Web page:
This is an excerpt from a story delivered exclusively to Business Insider Intelligence Fintech Briefing subscribers. To receive the full story plus other insights each morning, click here.
Over three-quarters of consumers in the UK use a finance app, according to a new study from Speedie Consultants that surveyed 200 people in the country. Twenty-four percent of those surveyed use their finance apps around twice a week, and 23% said they use it daily. The most common finance app users were aged 25-45, in addition to consumers over 65.
Here are the key findings from the study:
- Banking apps take the lead when it comes to grasping the general population. Eighty-eight percent of those who use finance apps use a banking app, making it the most used type of finance app. Less than 2% of UK consumers don’t have a bank account and 9% don’t own a mobile phone, meaning that most consumers are able to access mobile banking apps. This leads a vast majority of consumers to use banking apps, largely because using apps is easier than logging in from a desktop and enables them to quickly check account balances, per respondents — it’s faster than if they were to go to a bank branch, for example.
- However, investment and insurance apps are missing out. Just 18% of consumers who use a finance app have an app for insurance, and the same is true for investment apps. Despite 53% of millennials wanting to invest in the stock market, only 23% of them have done so, suggesting there’s a gap in the market that needs to be filled. Additionally, 28% of UK consumers don’t have home contents insurance, leaving £266 billion ($322.7 million) worth of possessions uninsured. As such, there’s a need for both better investment and insurance options that fintechs and incumbents could take advantage of.
Here’s what it means: To increase uptake of investment and insurance fintech services, these players can seek out partnerships with neobanks and take advantage of their brand awareness — which can ultimately help neobanks as well.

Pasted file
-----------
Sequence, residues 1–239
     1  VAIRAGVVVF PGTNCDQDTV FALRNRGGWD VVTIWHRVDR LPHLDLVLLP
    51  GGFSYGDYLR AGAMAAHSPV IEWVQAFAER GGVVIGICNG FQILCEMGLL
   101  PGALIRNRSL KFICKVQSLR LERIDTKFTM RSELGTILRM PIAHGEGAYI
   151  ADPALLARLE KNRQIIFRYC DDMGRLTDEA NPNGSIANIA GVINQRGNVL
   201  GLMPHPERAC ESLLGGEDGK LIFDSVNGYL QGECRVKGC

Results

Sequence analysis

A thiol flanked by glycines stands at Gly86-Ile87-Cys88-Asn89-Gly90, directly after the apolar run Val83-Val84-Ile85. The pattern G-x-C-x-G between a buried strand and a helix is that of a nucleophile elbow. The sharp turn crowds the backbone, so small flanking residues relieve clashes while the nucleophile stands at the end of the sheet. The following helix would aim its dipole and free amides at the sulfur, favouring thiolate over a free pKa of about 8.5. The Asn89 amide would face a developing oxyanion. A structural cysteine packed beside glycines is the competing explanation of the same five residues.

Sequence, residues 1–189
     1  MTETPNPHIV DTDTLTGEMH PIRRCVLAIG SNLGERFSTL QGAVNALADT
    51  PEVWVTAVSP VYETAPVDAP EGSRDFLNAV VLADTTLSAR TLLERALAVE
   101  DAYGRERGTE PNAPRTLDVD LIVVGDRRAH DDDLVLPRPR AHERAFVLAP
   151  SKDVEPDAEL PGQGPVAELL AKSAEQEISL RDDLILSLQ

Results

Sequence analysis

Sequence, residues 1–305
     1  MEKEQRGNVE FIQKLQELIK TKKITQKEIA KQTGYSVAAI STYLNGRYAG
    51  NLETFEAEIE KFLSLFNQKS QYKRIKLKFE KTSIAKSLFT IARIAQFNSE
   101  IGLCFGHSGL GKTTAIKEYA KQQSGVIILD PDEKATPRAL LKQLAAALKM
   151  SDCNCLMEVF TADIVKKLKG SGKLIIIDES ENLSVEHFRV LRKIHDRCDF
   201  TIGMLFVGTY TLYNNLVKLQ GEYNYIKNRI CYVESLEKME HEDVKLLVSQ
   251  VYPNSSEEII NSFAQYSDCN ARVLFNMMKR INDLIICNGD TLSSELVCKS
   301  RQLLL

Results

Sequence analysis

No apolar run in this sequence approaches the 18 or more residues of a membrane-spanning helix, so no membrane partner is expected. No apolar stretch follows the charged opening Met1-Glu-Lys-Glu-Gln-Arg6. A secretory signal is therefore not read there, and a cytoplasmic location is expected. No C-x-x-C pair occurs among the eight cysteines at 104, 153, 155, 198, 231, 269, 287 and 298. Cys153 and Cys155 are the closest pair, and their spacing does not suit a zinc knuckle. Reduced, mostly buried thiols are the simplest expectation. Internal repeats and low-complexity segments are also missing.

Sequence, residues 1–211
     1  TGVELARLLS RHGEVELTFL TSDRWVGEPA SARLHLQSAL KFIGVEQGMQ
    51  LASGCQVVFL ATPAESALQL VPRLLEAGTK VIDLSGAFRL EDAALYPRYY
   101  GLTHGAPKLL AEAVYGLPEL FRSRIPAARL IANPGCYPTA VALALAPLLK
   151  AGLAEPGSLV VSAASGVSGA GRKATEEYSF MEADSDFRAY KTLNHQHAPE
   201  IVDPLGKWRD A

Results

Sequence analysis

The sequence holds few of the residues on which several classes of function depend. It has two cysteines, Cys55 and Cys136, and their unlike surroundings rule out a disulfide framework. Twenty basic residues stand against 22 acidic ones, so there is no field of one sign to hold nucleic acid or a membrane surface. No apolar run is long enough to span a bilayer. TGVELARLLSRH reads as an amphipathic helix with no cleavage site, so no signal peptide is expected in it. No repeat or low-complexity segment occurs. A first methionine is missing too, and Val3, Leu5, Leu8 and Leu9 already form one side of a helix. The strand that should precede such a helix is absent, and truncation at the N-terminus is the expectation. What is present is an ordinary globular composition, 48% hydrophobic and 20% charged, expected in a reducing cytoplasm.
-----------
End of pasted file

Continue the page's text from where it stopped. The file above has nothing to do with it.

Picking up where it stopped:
By integrating with neobanks, investment and insurance fintech app providers can leverage banking apps’ high adoption. UK neobank Starling, for example, has a marketplace that consumers can use to get access to additional offerings.
Its members already include wealth management app Wealthsimple and insurtechs Anorak and so-sure. Teaming up with the likes of Starling could help those providers increase awareness for and uptake of their services, but the integration has to be seamless to make such partnerships successful.
This would also allow neobanks to enhance their offerings without having to use their own resources. While some players are building their own additional services, looking to third parties to enhance their offerings might lead to more fruitful results.
Revolut, for example, recently launched its own investment option within its app, which might push existing users to use this offering rather than download a separate app for such services. However, this also means that users only get access to one specific investment service.
Going down a marketplace route — offering third parties’ products within one’s app — might be the more lucrative option, as it gives users access to best-of-breed products, including for investment and insurance.
Interested in getting the full story? Here are three ways to get access:
- Sign up for the Fintech Briefing to get it delivered to your inbox 6x a week. >> Get Started
- Subscribe to a Premium pass to Business Insider Intelligence and gain immediate access to the Fintech Briefing, plus more than 250 other expertly researched reports. As an added bonus, you’ll also gain access to all future reports and daily newsletters to ensure you stay ahead of the curve and benefit personally and professionally. >> Learn More Now
- Current subscribers can read the full briefing here.
- Monzo has officially launched loans for its 2.6 million customers
- Jyske Bank has debuted the world’s first negative interest rate mortgage
- Researchers found fingerprints of more than 1 million people stored by a biometrics company to be vulnerable to breach